Words by Jane Hodges Photography by Maree Azzopardi
After a late night feast in Bangkok’s Chinatown, we came across Chak Phet Rd and its surrounding streets, which are home to Pak Khlong Talat (canal mouth market), a fresh produce market and also the cities largest and most vibrant flower market.
Like all 24-hour markets, visiting late at night or in the wee morning hours is best. There are fewer people – usually no tourists – and most deliveries (by boat and truck) happen between midnight and 4am, so the stalls are at their brightest, most fragrant and bulging best.
Bunches, bouquets, wreaths and garlands were crammed into every inch of space. Men hefted armfuls of blooms onto trolleys and jostled down narrow alleys. Busy hands were hard at work. The many Thai and Chinese festivals and religious celebration days ensure intricate malais (garlands) and dok mai (exquisite assorted arrangements) are constantly being made and bought. Mostly women vendors sat and sewed or threaded petals and whole blooms like seamstresses constructing couture – lotus, roses, jasmine, marigolds, lilies, orchids – an overwhelming riot of colour and mélange of scents.
Day and night cars brave the mad traffic to stop in front of their favourite stall – someone jumps out and the car speeds off to do the block or the driver yells an order and idles amid honks from the line-up behind, until their flowers are delivered, money changes hands and the traffic flows once more. The market is busiest pre-dawn and early evening, but interesting whenever you go.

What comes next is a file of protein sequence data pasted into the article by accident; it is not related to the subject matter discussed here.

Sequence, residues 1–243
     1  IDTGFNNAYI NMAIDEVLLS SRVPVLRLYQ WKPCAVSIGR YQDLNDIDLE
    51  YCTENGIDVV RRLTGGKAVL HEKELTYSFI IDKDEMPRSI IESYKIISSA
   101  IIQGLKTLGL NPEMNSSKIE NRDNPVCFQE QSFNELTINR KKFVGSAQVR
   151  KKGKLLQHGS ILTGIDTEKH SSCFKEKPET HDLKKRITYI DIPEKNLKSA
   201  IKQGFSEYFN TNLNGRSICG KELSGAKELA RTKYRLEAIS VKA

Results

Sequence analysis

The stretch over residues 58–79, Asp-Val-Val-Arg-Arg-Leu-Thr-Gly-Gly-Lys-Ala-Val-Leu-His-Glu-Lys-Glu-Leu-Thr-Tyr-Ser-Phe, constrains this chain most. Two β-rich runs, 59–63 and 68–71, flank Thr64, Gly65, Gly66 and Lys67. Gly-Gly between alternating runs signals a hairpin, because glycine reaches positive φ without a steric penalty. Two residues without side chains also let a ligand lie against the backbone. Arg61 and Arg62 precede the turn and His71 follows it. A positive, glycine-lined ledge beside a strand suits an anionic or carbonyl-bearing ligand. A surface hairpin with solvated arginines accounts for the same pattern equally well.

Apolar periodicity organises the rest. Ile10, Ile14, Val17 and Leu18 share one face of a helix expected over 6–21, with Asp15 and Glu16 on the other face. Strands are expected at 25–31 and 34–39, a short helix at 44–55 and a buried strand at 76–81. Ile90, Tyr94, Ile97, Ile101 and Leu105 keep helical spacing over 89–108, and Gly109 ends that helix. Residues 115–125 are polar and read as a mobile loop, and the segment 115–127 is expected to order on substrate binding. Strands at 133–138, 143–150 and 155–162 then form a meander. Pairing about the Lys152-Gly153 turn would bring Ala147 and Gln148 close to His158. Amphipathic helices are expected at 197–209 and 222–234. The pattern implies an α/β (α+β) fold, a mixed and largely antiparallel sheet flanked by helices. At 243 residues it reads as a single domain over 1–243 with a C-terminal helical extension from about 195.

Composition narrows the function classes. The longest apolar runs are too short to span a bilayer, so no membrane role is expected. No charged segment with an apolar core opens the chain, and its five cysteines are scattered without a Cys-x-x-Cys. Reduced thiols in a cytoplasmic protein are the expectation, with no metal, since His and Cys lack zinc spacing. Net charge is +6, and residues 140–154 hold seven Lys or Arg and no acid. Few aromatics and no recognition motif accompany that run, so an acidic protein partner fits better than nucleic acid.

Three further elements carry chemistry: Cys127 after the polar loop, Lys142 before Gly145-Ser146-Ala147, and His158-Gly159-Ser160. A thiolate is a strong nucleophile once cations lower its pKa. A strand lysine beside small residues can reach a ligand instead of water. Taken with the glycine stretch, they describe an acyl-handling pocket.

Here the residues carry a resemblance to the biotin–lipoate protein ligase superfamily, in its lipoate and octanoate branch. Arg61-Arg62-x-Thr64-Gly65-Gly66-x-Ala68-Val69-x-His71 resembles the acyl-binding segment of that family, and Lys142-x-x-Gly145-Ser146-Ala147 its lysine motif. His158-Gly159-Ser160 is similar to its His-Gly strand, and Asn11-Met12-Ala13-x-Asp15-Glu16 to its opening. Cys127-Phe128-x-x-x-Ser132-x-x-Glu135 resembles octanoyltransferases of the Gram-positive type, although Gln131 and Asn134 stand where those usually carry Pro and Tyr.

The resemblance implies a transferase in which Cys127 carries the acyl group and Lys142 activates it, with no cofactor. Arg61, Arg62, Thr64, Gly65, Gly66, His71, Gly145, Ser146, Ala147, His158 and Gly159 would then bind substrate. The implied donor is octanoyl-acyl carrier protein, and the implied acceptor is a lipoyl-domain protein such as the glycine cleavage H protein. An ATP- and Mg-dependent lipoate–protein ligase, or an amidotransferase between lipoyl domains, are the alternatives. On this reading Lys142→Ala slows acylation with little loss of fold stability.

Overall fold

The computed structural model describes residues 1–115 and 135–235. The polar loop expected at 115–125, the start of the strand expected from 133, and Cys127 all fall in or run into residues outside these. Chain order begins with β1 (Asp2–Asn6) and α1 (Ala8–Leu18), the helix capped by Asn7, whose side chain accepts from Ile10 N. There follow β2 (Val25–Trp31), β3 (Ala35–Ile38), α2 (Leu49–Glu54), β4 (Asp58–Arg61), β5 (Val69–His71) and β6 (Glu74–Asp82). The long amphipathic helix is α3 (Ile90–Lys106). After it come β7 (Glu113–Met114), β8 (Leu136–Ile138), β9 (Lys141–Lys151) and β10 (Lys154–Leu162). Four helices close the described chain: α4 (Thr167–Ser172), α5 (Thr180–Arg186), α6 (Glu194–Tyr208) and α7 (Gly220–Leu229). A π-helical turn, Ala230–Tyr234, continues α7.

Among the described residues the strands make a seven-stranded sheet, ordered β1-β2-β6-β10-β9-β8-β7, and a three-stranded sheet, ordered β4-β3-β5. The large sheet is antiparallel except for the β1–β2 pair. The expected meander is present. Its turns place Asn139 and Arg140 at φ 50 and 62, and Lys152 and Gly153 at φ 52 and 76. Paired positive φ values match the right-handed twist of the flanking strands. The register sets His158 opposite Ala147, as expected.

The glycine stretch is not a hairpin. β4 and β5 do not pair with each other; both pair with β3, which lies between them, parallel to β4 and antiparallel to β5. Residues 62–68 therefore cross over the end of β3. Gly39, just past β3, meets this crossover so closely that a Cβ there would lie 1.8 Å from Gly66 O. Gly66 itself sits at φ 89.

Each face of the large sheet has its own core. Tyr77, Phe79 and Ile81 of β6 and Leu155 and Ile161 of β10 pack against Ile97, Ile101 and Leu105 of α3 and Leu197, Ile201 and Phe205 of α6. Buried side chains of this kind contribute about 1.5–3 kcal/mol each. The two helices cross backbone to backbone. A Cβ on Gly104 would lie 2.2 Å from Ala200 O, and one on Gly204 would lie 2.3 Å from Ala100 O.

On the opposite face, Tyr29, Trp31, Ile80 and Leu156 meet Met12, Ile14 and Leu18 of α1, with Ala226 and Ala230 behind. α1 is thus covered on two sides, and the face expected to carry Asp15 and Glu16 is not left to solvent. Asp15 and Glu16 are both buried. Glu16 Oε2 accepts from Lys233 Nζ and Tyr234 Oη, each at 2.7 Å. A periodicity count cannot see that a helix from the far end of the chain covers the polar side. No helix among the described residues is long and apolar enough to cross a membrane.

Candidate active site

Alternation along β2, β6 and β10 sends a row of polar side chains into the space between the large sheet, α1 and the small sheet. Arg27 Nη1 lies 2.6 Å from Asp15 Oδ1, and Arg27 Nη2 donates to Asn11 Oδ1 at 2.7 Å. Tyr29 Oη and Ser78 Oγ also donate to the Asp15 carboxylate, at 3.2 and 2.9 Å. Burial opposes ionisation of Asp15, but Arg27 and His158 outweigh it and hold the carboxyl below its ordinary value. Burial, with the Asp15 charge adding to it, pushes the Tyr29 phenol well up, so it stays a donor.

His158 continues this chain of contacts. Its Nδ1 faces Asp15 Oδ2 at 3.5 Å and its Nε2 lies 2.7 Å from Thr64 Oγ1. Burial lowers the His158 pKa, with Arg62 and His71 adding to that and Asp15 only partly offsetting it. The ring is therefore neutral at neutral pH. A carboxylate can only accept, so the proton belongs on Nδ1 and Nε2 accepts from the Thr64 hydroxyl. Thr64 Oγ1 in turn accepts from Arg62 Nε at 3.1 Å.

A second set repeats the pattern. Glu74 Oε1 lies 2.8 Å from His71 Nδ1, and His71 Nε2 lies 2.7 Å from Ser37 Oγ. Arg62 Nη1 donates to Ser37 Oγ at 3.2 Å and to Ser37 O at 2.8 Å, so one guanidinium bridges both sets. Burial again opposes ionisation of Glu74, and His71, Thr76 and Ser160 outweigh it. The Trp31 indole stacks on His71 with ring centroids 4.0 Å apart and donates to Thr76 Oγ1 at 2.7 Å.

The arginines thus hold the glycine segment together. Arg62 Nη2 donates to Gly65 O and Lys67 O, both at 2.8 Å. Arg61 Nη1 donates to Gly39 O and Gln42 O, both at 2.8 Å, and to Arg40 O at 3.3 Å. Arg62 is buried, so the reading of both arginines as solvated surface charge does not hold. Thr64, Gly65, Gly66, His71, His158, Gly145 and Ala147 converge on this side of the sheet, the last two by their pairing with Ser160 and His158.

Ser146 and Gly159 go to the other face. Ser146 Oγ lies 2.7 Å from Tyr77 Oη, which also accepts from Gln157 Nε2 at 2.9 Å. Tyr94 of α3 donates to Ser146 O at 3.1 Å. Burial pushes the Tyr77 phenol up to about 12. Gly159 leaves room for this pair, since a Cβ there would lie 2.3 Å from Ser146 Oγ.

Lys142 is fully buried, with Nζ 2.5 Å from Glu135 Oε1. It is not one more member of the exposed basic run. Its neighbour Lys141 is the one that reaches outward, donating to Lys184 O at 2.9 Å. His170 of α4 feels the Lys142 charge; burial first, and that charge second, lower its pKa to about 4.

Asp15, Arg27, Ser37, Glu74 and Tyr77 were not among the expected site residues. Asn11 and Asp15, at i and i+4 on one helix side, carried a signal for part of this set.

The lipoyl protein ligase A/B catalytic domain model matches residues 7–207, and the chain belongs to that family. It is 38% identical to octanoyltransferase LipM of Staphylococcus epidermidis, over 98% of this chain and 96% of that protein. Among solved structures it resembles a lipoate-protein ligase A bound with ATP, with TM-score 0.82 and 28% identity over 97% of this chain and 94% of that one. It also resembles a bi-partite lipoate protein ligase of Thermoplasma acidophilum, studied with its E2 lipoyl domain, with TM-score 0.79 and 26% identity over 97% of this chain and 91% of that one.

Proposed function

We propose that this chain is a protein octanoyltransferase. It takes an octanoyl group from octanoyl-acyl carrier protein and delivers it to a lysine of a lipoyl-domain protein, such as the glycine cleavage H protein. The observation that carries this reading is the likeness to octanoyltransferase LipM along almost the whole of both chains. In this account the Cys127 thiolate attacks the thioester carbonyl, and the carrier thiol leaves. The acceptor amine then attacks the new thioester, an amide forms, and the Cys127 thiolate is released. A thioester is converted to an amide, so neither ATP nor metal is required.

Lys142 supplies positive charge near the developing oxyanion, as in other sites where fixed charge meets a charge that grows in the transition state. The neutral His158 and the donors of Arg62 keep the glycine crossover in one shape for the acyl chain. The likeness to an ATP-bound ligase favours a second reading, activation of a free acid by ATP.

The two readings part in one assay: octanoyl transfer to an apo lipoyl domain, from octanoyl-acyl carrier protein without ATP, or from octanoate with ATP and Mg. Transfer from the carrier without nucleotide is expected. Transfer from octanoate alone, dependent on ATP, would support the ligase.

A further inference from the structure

While you’re there: walk through the fresh produce market area which is also a trip of sights, sounds and smells not to be missed!
Getting there: Take a tuk tuk through Bangkok traffic (if it’s not gridlock hour) and ask to be dropped off in the heart of Th Tri Phet ; or to avoid the traffic, take to the river on the Chao Phraya River Express ferry and alight at Rachini ferry stop; walk across a small bridge and turn left and you’re in the midst of 24/7 flower heaven.
More flower power: head to Bangkok’s Museum of Floral Culture www.floralmuseum.com for a guided tour to learn about the traditional use of blooms in Thai celebrations and religious rituals (open Tues-Sun); or on the second Saturday of the month, take a hands-on flower artistry workshop to learn how to make a Thai floral tassel or a garland with renown Thai flower master Sakul Intakul.